Through course work and internship opportunities, the major professional and digital writing prepares students for work as professional writers, technical writers, editors, digital media composers, social media coordinators, and educators in a variety of public, private and educational settings. The professional and digital writing major also provides students with a study of rhetorical principles and effective written communication, preparing them for advanced study in graduate school, law school, and medical school.

The professional and digital writing major also pairs well with other majors; thus undergraduates pursuing professional degrees in business, engineering, health sciences, and human resource development may benefit from a dual major in professional and digital writing. Students interested in majors like studio art, graphic design, journalism, communication, and creative writing will find that the professional and digital writing major provides them with additional skill sets, knowledge, and experiences in preparation for careers in those fields. And the inherently interdisciplinary study of professional and digital writing complements both the Bachelor of Arts in Integrative Studies and the Bachelor of Arts in Liberal Studies.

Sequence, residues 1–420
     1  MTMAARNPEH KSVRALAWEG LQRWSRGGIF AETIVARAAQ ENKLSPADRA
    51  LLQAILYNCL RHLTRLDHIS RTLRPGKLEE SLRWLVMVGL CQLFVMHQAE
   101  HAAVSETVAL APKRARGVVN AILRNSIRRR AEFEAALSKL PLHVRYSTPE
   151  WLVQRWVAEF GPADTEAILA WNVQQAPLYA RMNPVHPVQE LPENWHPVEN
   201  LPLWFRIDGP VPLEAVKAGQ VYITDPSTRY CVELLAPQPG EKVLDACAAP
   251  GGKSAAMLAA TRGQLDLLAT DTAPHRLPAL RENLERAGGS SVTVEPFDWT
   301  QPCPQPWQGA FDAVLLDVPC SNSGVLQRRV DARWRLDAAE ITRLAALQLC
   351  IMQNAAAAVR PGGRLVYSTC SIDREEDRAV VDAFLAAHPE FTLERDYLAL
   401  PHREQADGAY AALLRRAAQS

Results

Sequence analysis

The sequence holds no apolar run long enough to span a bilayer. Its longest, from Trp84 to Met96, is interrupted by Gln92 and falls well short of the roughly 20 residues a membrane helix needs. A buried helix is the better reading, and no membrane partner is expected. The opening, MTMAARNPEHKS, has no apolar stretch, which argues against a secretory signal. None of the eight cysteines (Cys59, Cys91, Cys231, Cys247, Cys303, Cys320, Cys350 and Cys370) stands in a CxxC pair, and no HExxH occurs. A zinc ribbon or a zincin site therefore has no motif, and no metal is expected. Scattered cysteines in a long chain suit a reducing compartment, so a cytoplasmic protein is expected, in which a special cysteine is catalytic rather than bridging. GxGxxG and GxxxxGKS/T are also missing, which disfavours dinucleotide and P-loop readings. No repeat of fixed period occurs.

Courses in professional writing, writing for digital media and writing studies are available, and course options include creative non-fiction, business writing, scientific writing, rhetoric, technical writing, legal writing, grant writing, writing for human resource development, website design, digital storytelling, and podcasting.

Course Descriptions are available online.